Under the questionable leadership of former state school Superintendent Tony Bennett, Indiana was duped into adopting the national Common Core State Standards. The program itself is a misnomer, as it is not a state program at all but a coordinated effort to standardize curriculum throughout the United States.
The states were more or less coerced to implement Common Core adoption by President Obama’s Race-to-the-Top initiative, which withheld billions of dollars of education money from states if they did not adopt the standards. This new nation-wide curriculum standard would lower standards for math and English education such that future 10th grade students will be expected to reach skill levels currently attained by 8th graders in Indiana.
University math professors have said that the new standards would inadequately prepare students for entry level college mathematics courses.
This curriculum standard would be forced onto religious and private schools as well as home school students throughout the nation. Common Core wishes to achieve educational equality by weighing the top students down.
Additional controversy stems from the data collection requirements of the Common Core State Standards. Students will be asked to give highly personal private information regarding themselves and their families in order to take the testing. As has been witnessed by the recent revelations regarding personal data use by the IRS, NSA and other formerly trusted institutions, people are right to question giving sensitive information to anyone, even educational testing administrators.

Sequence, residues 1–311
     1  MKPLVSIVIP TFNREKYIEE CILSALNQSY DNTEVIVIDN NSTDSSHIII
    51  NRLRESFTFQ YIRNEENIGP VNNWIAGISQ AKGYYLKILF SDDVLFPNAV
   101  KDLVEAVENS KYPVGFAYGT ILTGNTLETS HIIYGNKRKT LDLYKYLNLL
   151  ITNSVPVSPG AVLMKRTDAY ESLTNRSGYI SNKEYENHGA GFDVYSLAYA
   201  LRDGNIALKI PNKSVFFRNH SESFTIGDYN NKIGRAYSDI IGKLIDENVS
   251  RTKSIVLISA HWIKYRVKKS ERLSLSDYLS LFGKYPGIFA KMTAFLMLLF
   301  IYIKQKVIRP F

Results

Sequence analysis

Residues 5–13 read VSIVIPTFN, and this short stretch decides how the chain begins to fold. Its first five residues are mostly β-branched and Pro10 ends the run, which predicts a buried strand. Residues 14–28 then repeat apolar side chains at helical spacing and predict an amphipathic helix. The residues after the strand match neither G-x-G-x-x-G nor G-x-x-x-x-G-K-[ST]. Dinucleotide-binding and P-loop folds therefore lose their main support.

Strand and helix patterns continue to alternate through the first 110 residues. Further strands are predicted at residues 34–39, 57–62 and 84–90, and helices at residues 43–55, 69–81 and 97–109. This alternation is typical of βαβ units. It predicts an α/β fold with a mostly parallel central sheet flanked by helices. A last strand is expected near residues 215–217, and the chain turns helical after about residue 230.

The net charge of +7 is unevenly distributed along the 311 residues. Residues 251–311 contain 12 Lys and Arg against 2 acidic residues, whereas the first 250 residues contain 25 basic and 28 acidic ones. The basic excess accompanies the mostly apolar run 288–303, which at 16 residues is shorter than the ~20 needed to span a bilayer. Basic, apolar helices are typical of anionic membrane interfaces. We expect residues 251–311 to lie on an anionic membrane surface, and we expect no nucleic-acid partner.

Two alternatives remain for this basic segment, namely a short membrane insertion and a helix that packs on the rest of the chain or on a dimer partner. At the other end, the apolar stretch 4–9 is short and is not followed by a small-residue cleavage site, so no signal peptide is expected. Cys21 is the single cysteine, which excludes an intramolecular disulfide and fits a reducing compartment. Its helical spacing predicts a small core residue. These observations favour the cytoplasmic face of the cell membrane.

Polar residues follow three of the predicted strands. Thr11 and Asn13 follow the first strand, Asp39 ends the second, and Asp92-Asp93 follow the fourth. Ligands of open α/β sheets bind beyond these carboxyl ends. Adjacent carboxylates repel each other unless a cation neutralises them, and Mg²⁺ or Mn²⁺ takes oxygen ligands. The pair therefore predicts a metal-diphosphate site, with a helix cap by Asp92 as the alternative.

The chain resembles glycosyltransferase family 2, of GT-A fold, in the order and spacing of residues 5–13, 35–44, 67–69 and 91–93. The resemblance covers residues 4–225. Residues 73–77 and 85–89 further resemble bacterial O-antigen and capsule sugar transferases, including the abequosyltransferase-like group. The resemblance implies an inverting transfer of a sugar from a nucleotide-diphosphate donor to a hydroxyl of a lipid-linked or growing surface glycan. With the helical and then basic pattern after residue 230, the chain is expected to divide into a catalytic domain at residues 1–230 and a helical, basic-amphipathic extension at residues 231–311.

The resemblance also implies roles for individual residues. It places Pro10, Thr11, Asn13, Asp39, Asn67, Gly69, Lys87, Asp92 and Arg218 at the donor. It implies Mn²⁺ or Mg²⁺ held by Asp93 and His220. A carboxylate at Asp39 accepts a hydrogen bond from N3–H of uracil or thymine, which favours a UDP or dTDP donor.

Sen. Scott Schneider of Indianapolis introduced legislation in the last session that would have removed Indiana from the Common Core scheme.
Unfortunately, his original bill did not make it out of the Senate Education Committee, but emerged as a one-year halt in implementation of Common Core to allow for additional study and public comment before the nine-member state board of education would vote on whether to go forward with the national standards in Indiana. This version passed both houses, and was signed into law by Gov. Mike Pence.
The major problem with this law is that it does not stop Common Core implementation; it just delays it a year as it will surely be implemented by the same board of education that chose to adopt it in the first place.
This leaves Hoosiers with no other choice but to demand their legislators pass law that would withdraw Indiana from Common Core. With state representatives such as Kathy Heuer (Rep.-District 83), who voted against the pause and for immediate implementation of the national program with no further study, it is certainly not assured that a vote to withdraw would pass. Rep. Heuer and others have received campaign donations from supporters of Common Core such as the Chamber of Commerce.
While support for Common Core defies logic and reason, you can count on certain politicians to choose personal aggrandizement over what makes common sense for their constituents.